BUY IT HERE ON AMAZON

2. Social Security Basics: 9 Essentials That Everyone Should Know by Devin Carroll

The second book on my list is my book. I know…that’s somewhat self serving. But I included that because I do think its one of the best books out there that covers the fundamentals. If you read my book and Mike’s book, you’ll have a deep understand of the basics (and probably be smarter than many financial advisors.) I don’t try to get fancy in this book. I simply wanted to take the most relevant parts and put them in a book that was easy to understand. I’ve found over the years that most of the SS questions I receive could be answered with a good knowledge of the 9 social security basics and that’s what this book covers.

BUY IT HERE ON AMAZON

3. Get Whats Yours – The Secret To Maxing Out Your Social Security by by Laurence J. Kotlikoff, Philip Moeller, and Paul Solman.  

With book number three we start to get a little deeper. Its Get Whats Yours-the secret to maxing out your social security. This is the only SS book that I know of that has made it on to the New York Times Bestsellers lists. This book was written by three authors—all social security experts in their own right. This is the perfect book to read after you’ve read the first two on my list. The book is conversational, but the subject matter is dense. In my opinion, chapters 16 & 17 make this book worth it. This is where they cover the 50 Good News Secrets to Higher Lifetime Benefits and 50 Bad-news Gatchas that can reduce your benefits forever. There could easily be ONE THING you read in these two chapters that will make the book purchase worth it.

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4. Social Security For Dummies by Jonathan Petersen

What I like best about the Dummies series is that they take topics that are hard to understand and turn it into something that is easy to use. In my opinion, the best part of this book is Part 5. While the entire book is full of useful knowledge, Chapter 15, which is the beginning of Part 5, covers the myths of social security and replaces them with facts. Chapter 16 refers to why young people should have a big stake in social security, and should follow the policy changes that are coming up in the next few years. Chapter 17 finishes it up by talking about the realities of the future of social security.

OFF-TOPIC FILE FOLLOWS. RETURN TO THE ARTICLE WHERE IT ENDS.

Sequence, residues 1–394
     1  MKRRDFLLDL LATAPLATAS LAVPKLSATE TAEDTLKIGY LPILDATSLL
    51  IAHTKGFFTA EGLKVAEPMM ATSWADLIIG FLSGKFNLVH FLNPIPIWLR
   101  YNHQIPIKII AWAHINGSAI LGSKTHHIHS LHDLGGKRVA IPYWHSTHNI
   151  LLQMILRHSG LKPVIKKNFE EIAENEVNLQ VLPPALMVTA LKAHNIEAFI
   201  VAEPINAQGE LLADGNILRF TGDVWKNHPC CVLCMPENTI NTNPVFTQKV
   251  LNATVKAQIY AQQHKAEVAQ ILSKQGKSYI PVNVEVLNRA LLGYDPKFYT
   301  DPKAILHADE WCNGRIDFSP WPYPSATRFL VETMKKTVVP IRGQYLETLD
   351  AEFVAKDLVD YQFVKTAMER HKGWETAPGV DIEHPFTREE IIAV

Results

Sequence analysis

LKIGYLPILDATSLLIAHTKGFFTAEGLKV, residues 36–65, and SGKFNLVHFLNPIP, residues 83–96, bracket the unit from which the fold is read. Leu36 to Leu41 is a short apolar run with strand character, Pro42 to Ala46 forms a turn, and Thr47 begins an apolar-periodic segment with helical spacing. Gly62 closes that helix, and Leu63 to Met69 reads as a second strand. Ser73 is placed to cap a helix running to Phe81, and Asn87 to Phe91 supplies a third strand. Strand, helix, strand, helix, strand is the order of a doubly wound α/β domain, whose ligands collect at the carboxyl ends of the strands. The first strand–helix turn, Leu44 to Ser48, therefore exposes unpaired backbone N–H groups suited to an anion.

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5. Social Security: The Inside Story, 2018 Silver Anniversary Edition by Andy Landis

This book is detailed and comprehensive but is easy to read. I absolutely love this book. The author actually worked for the social security administration for over a decade and it shows almost as soon as you open the book. It has examples, graphics and website links to back up what the author is saying, and gives you confidence that you are on the right path. I personally use this book as a personal reference. I also believe it does not need to be read all at once, but can be used as a topical reference to answer your questions as they come up.

Whether you are a retiree, a to-be retiree or a financial advisor, this book needs to be on your shelf.

BUY IT HERE ON AMAZON

I’ll have to admit…narrowing down this list to my top 5 wasn’t easy. There are some other great books out there.

One last thing…I’ve linked up all of the books we’ve discussed here. Full disclosure…if you buy one of these by using my link above, I’ll get paid a small fee from Amazon. 

Remember…THIS IS YOUR RETIREMENT. CONTINUE TO LEARN AND STAY INFORMED because no one is going to feel the pain of retirement planning mistakes like you will.  

Now that you’ve read this article (which is a great first step in understanding Social Security), I’d recommend staying connected with my content so you won’t miss anything. In many cases I’ll publish my newest stuff on YouTube and then share it on my Facebook page. Then my content team does their magic and cleans it up into an article for those who enjoy reading. (Again…the article is shared on my Facebook page.)

Be sure to subscribe to my site so you won’t miss any of the new content coming out, plus you will receive the blueprint version of my book for free. Alternatively, you can just head over to Amazon and buy the full version. I can’t guarantee this, but I’m pretty sure you’ll get more value than the $12 it costs.

In addition to the books I’ve recommended here, what social security books should be added to our list? Leave the book title and your thoughts in the comments below. 

Thanks for reading…have a great day.